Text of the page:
It’s just that we need to acknowledge the arrival of a turning-point in poetry. The young always begin at what seems to them a turning-point. Achievements in a poetry that are younger than us can teach us to look critically at our own method and technique. Like the very serious poet who has attended his or her third and quite expensive Advanced Workshop, we need to pull back, to draw breath and consider the wealth of possibilities still wide open. A working poet can always assume prodigious rights over language, much more than language and its established traditions can ever assume over a working poet: “Je ne fais pas de système. Mon système – C’est moi” as Paul Valery wrote in his Cahiers XXVI (p438). To write poems is both to make the thing and to dwell within it. It is not an excess of theories, it is a quieter place, yet intense, that place where we dwell in the poem – as the wonderful Yves Bonnefoy observed, Bonnefoy who had endured the garrulous, public pretensions of surrealism, as he observed, poetry is: ‘A surging state of impossible fullness.’ Bonnefoy and his circle had observed the surging fullness of Giacometti and the proud muteness of his artistic effect in a room full of theorists. To create this artistic effect, then, to defy theories and generalisations, this is all at the core of new beginnings, of defying dullness with a new, vectored excess of being. In a recent PARIS REVIEW interview (The Art of Poetry No.104, Spring 2019) Lawrence Ferlinghetti bristles with rage when interviewer Garrett Caples asks “Can you speak more about your writing process in general?” Ferlinghetti explains that the whole idea of ‘process’ is alien to him; that these things are acutely personal, even secret, and intimately bound up with the poet’s own figures of speech. It is our figures of speech that are original to us, that give us originality as poets. His response is clear-headed and defiant. Our personal lives as poets give us these prodigious rights over the language we choose to use.
A poem pared back to stretched essentials, like a Giacometti canvas or sculpture, could still be a state of mind rediscovered, a place of frugality and yet of lyrical abstraction. But the poem when it arrives within us refutes all theories, it overwhelms Theory.
A poem is a picture more than a theoretical thing.
The apt observation contained in a poem is a living, breathing thing. For Bonnefoy the rightly observed thing could be full of plenitude, a poem could be a cliff-face, a glade, an orchard.
Poetry was an architecture of habitation, a place to make for oneself and to dwell within. But a shared space, of both poet and reader.
So how can we arrive at this space, this settled space of achieved poetry, a verbal space within which we may dwell as whole persons? Great novelists, like great poets, can teach us about an advanced wholeness of being. We can learn from novelists without ever intending to make a novel.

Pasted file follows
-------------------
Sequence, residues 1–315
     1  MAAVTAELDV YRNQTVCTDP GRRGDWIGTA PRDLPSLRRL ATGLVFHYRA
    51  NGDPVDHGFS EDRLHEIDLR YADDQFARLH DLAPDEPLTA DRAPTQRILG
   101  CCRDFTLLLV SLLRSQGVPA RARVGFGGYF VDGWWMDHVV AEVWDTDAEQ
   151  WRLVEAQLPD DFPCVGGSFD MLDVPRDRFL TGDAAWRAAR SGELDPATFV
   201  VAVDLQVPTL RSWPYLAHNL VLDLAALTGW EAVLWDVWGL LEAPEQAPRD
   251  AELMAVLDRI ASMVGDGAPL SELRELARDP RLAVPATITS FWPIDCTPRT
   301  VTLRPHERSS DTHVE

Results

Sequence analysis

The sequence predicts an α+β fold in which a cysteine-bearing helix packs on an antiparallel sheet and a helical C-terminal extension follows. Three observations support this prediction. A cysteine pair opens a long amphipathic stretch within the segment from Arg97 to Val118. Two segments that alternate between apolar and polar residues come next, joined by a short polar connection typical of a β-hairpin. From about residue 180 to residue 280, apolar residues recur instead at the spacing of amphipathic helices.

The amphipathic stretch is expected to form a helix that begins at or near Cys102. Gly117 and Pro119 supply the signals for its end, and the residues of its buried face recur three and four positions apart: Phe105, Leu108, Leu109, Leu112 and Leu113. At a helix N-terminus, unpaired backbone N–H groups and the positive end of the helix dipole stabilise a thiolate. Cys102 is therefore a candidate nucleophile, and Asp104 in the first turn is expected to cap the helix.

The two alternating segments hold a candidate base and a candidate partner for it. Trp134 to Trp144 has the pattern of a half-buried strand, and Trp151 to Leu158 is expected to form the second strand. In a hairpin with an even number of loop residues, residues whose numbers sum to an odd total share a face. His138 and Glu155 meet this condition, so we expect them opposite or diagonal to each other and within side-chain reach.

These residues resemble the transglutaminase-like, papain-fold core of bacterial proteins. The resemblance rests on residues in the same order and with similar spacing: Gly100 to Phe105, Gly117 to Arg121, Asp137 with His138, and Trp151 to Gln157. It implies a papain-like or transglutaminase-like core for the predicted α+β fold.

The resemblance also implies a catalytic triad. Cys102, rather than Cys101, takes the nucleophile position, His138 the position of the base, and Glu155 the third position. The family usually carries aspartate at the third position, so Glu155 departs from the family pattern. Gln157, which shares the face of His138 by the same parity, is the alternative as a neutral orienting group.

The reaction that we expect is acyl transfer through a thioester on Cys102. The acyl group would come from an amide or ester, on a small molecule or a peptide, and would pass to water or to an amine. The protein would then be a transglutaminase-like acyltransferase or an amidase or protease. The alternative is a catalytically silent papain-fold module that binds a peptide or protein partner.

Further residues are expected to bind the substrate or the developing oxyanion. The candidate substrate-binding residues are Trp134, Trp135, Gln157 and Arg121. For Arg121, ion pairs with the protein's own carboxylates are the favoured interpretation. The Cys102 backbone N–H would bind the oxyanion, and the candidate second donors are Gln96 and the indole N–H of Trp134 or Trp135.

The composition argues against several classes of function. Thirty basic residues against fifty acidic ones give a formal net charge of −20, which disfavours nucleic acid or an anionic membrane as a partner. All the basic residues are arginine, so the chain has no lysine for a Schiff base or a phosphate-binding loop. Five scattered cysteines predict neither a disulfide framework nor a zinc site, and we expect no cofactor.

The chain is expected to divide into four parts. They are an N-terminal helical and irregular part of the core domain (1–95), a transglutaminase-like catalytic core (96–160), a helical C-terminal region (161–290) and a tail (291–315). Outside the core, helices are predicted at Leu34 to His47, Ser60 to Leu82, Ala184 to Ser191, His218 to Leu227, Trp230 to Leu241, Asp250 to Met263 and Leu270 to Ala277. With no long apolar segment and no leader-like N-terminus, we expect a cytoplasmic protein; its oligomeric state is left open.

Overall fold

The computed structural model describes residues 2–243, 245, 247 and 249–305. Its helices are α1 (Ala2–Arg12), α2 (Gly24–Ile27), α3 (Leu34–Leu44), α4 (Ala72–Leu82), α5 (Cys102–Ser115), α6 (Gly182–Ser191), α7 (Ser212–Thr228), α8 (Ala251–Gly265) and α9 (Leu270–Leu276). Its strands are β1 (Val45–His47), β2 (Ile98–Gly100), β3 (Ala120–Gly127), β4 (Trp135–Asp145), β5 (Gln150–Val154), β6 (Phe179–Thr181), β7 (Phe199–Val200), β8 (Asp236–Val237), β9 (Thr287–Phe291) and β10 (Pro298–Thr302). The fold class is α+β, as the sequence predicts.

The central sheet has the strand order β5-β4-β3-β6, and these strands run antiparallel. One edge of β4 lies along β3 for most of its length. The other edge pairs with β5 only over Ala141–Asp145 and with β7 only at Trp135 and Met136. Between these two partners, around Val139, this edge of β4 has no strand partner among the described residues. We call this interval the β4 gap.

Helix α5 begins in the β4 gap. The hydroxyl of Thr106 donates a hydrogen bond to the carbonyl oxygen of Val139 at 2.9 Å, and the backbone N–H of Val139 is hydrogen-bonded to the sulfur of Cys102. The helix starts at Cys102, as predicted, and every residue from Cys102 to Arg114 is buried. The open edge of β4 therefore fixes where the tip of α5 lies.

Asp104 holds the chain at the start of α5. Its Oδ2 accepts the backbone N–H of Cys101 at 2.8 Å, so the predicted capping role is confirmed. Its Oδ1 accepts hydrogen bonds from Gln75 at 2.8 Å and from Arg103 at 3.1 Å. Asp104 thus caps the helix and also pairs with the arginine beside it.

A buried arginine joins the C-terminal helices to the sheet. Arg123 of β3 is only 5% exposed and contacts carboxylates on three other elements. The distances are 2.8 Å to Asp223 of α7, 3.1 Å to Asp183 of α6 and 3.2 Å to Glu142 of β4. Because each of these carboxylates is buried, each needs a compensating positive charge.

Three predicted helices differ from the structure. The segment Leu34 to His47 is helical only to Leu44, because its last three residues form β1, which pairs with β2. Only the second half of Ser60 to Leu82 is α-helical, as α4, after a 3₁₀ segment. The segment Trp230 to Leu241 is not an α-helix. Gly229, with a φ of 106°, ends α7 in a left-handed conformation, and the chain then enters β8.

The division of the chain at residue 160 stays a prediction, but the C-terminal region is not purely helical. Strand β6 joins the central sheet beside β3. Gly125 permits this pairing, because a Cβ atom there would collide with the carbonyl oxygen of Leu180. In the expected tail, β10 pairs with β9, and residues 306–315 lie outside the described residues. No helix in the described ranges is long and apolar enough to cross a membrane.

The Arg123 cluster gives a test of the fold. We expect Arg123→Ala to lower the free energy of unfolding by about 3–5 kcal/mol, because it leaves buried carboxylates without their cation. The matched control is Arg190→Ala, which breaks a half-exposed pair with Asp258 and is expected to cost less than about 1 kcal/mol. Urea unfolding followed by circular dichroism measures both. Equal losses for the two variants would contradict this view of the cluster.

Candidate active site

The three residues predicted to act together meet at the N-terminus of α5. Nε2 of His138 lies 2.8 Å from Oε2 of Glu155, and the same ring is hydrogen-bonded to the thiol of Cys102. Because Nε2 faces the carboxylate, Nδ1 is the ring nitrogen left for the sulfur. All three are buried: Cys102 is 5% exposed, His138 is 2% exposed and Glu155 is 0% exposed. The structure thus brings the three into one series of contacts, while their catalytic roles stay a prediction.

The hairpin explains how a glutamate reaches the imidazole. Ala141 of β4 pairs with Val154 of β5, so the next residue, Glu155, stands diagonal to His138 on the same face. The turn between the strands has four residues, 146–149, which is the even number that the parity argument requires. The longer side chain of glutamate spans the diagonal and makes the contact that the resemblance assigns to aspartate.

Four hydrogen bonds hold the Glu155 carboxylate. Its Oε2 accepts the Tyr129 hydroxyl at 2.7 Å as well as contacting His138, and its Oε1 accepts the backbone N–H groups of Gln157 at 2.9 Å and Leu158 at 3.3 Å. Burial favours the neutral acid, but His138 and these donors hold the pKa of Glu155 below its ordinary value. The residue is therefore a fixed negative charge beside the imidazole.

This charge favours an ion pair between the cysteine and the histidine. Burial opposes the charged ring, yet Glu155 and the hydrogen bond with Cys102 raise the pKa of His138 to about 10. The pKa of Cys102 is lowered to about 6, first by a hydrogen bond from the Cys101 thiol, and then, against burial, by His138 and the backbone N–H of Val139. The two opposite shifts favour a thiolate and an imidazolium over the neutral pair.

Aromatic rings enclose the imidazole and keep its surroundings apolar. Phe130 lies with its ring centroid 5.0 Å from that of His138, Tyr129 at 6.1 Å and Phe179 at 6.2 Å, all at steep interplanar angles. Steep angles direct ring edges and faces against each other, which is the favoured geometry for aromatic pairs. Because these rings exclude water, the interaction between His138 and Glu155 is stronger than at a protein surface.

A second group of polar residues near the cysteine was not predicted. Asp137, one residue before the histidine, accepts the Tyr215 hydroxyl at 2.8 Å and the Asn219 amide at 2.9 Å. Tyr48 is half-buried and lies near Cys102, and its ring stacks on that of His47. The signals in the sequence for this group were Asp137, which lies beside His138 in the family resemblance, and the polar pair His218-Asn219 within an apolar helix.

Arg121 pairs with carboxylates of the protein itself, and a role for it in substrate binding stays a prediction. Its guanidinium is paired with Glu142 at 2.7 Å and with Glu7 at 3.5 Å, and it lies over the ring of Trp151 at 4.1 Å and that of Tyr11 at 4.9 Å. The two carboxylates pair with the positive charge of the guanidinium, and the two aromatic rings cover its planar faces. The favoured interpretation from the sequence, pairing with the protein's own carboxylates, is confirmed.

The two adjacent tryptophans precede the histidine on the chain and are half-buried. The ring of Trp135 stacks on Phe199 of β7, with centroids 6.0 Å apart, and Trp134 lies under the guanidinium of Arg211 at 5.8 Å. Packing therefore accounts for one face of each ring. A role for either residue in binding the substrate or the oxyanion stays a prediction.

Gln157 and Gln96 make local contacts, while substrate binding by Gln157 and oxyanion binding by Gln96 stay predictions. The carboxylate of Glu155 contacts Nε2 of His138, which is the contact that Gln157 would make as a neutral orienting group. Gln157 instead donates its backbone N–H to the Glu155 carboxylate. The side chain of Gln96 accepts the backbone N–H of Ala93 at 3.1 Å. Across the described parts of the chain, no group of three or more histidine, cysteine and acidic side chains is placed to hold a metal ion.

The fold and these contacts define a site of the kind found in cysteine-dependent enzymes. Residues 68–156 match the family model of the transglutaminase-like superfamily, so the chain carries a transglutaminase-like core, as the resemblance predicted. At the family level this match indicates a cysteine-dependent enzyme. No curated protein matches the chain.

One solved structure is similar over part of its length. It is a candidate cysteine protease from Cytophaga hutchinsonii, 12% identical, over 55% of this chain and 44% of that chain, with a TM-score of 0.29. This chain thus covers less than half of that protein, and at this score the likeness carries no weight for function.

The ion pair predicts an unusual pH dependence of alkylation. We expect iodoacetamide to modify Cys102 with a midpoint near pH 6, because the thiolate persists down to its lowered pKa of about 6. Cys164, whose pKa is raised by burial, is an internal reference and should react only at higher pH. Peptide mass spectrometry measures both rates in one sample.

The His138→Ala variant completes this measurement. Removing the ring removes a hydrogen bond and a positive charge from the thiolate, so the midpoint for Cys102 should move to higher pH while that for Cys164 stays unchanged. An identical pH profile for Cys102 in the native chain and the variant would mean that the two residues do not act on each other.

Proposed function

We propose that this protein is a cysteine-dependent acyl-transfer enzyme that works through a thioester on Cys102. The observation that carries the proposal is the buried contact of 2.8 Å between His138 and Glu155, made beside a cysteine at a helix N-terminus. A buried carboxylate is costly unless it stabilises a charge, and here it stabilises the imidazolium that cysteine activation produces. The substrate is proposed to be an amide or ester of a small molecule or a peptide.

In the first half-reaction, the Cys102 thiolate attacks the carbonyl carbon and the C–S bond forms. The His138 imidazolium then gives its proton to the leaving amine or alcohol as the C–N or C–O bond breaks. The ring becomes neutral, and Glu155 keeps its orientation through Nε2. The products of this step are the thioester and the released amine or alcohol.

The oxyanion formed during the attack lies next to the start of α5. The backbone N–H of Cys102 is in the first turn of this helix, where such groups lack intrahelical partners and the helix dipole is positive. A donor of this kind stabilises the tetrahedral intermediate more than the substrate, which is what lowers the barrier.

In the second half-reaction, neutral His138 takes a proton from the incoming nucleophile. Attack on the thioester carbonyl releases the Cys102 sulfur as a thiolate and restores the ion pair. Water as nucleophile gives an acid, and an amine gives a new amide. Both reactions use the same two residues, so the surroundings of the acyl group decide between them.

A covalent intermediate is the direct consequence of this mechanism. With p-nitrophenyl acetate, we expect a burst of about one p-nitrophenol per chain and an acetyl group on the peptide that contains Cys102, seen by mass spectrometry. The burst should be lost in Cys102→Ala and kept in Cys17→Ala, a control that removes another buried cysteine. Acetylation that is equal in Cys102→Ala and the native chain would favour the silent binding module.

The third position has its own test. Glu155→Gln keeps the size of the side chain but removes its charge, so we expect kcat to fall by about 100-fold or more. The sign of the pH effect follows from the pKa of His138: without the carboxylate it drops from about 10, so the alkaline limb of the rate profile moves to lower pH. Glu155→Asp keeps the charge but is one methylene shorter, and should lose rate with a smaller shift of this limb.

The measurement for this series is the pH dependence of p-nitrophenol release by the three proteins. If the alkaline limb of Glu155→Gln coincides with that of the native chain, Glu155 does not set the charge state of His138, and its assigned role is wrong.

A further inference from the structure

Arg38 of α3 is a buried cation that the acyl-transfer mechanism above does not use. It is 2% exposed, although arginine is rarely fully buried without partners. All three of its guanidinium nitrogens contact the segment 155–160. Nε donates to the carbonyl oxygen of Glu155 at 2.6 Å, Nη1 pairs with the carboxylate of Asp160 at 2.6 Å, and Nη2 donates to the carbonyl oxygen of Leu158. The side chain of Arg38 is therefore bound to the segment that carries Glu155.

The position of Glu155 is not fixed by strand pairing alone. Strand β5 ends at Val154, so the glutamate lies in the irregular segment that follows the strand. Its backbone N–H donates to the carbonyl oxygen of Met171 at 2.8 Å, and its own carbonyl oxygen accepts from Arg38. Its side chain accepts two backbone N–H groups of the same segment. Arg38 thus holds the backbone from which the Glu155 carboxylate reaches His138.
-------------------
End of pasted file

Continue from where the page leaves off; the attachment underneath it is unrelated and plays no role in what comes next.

A novel is a quest with all of its architecture still standing, a novel is a house of tone in the way the best late poetry collections should be.
Elizabeth Bowen, for example, in her description of interiors, of sitting-rooms and bedrooms, in The Last September and Death of the Heart can lead us to a deep understanding about a fullness of being, about character as a whole imagined being – as the characters Lois or Portia move across their interiors even inanimate things begin to have voices. This is how poems speak to us when written with intensity rather than indifference. A novelist can never be indifferent to the world described; there is no reason why a poet should be any less indifferent. It has something to do with finding a tone, but a tone with purpose, a tone with personality like a character in a novel. This is the fullness we should be seeking after in our poems: An escape of sunshine, penetrating the pale sky in the south-west, altered the room like a revelation. Noiselessly, a sweet-pea moulted its petals on to the writing-table, leaving a bare pistil. The pink butterfly flowers, transparently balancing, were shadowed faintly with blue as by an intuition of death. Lois bowed forward, her forehead against the edge of the table (The Last September, p163).
It has something to do with tone, then, this impulse to go on in writing. The search for a new tone will bring you back to the place where the figure of speech is paramount: where the way you describe is the way the world is. The funnels and runnels of language are deep and complex; the years ahead have no pattern for us, nor should we expect one. As we advance in our years and in our poetry it’s the search for the new tone in our work that brings the possibility of excitement – the patterns are the very things we leave behind on the road. But we ourselves must make the patterns ahead of us; yet again, in poetry as in life.
© Thomas McCarthy